The tech sector is, increasingly, embracing the language of urban planning — town hall, public square, civic hackathons, community engagement. So why are tech companies such bad urbanists? — nytimes.com
“The people who design the cars and the people who design the roads never talk to each other,” according to Kati Rubinyi. With a background in architecture, urban planning, and fine arts, Rubinyi wants to enrich mobility planning by bringing everyone involved to the same table. Her book, The Car in 2035: Mobility Planning for the Near Future, includes essays from the different viewpoints of planners, policymakers, architects, and car designers [...]. — buildabetterburb.org
New York City and New Bern, North Carolina both face the same projected rise in sea levels, but while one is preparing for the worst, the other is doing nothing on principle. A glimpse into America's contradictory climate change planning. — spiegel.de
Young Architects Competitions recently announced the winning projects for Post-Quake Visions. The international ideas competition aimed to encourage research and new ideas for the reconstruction of the Italian City of Crevalcore, which was struck by a May 2012 earthquake that destroyed hundreds of ancient buildings.
Out of 356 teams from over 54 countries, the jury selected 3 prize winners, 4 "gold" honorable mentions, and 8 honorable mentions. — bustler.net
These are the top three winners: 1st Prize winner: 271219VC Team: Caterina Spadoni, Valentina Brunetti 2nd Prize winner: playhouse Team: Luca Nicoletto, Emanuele Paladin, Marco Paronuzzi 3rd Prize winner: Neves Lopes Architects Team: Fabio Ferreira Neves, Paulo Lopes To see more projects, click...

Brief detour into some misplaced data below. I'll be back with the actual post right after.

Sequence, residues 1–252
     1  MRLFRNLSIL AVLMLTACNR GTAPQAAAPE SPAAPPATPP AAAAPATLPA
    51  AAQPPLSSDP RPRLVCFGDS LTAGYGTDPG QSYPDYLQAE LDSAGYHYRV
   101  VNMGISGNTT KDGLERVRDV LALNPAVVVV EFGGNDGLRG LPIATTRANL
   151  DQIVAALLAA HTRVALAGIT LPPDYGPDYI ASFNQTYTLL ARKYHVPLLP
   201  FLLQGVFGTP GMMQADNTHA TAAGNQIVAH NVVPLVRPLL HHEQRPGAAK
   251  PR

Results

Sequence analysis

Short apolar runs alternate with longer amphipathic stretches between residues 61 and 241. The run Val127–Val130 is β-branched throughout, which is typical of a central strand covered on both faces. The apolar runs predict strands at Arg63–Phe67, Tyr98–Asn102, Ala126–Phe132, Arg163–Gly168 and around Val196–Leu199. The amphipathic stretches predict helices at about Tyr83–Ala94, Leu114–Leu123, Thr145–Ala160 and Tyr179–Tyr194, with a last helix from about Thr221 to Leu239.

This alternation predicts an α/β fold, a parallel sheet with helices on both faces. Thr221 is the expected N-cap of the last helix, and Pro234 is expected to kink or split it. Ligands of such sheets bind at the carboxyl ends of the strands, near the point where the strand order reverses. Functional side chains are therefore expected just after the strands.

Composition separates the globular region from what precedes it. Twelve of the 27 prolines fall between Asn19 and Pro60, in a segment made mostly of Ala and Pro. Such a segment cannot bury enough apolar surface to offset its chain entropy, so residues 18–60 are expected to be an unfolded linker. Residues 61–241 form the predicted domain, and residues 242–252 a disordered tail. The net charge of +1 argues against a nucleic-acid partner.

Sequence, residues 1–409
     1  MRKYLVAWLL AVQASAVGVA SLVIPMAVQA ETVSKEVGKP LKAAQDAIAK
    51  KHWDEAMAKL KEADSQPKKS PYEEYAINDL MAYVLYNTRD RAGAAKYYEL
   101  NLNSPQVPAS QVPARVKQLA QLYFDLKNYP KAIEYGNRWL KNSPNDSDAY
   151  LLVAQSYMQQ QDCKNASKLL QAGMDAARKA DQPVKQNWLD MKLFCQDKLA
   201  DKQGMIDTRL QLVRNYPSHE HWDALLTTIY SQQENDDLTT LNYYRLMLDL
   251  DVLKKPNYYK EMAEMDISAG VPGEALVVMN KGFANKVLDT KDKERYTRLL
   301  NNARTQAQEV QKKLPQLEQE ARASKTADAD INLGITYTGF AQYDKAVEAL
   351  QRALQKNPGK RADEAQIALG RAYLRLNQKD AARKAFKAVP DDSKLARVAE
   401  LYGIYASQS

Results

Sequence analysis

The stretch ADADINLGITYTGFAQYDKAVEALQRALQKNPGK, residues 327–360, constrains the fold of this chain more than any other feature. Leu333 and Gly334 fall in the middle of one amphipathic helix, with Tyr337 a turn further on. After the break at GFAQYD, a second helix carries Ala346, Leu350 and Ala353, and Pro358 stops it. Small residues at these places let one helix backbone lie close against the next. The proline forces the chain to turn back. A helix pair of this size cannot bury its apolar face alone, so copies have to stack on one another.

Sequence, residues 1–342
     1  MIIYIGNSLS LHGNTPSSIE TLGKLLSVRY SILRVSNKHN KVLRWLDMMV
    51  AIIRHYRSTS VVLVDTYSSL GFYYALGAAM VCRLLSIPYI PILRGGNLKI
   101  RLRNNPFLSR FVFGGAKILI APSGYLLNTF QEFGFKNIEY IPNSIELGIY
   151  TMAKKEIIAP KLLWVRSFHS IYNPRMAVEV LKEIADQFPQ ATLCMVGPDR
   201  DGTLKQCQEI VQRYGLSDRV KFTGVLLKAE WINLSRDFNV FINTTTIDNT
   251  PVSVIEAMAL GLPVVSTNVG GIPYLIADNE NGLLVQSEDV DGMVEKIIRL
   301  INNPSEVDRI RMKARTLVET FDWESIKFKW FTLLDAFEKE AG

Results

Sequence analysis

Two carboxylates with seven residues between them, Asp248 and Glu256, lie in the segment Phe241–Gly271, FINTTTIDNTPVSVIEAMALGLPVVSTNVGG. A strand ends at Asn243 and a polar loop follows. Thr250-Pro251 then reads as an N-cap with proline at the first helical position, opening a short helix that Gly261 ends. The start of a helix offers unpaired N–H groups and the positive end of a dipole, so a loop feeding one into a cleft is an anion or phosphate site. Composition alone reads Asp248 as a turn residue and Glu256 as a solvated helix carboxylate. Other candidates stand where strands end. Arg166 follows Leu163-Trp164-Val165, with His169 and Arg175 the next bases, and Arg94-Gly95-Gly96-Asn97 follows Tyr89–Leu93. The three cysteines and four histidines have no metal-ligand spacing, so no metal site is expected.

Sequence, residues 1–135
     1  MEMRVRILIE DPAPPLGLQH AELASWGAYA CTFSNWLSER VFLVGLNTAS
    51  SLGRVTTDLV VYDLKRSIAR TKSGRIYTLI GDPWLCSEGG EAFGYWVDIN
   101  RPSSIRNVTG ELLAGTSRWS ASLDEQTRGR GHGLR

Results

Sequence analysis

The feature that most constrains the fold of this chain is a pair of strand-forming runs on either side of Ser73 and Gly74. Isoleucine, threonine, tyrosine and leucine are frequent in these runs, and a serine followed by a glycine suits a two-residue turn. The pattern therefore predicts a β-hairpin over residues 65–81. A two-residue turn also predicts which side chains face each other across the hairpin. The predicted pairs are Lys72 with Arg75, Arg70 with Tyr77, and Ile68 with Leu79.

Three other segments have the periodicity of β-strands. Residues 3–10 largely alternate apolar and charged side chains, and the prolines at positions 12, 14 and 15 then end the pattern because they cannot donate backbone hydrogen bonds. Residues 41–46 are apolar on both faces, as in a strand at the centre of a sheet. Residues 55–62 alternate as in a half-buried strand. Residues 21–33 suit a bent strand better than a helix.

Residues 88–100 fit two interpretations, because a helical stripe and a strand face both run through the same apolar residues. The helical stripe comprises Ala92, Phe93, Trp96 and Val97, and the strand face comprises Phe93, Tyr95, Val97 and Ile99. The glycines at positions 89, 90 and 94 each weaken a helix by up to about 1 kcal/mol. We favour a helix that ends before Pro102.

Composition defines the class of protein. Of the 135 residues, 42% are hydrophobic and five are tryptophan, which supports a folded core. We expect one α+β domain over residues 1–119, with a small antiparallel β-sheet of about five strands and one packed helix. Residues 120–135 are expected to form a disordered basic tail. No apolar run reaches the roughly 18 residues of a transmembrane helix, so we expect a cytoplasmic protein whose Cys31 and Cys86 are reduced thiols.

"In short, the "Aqueduct Futures" exhibit provides a cogent and highly educational opportunity to learn about this important topic and history -- one that this author believes would positively serve anyone and everyone partaking of its waters to peruse and study" - Kim Stringfellow — KCET - ARTBOUND
As part of of KCET's celebration of the 100th anniversary of the Los Angeles Aqueduct, Kim Stringfellow highlighted 'Aqueduct Futures' a public exhibit that was on display from November 5th to December 5th, 2013 at Los Angeles City Hall. Showcasing the results of two years of investigation...
Audiotopie was awarded $10,000 from the 2013 Phyllis Lambert Design Montreal Grant in Montreal, Canada earlier this week.
Established in 2007, the annual grant distinguishes young, emerging Montreal designers who have shown excellence in their work and research study that can contribute to the city of Montreal. — bustler.net
"The $10,000 grant will enable the Audiotopie team, which designs immersive sound works closely connected to physical spaces through creation of sensory experiences, to go on a study trip during which its members will compare sound environments in the underground spaces of three Asian cities."
After three years of construction, NL Architects' B05 Kuifje is now complete. Nicknamed Tintin, B05 is located in Nieuw Crooswijk, a residential area near the city center of Rotterdam and the Kralingse Bos park.
With its "deformed" silhouette, Tintin was constructed as part of an urban plan by West 8 to redevelop the area into a distinct cityscape. — bustler.net
Because of Beijing’s sky-high apartment rental costs, as many as two million people—about a tenth of the city’s population—are said to be living below street level in underground storage basements and air-raid shelters partitioned into cramped, windowless rooms. Many of those who have to crowd into these homes are migrant workers like Wang, from the nearby province of Hebei. — qz.com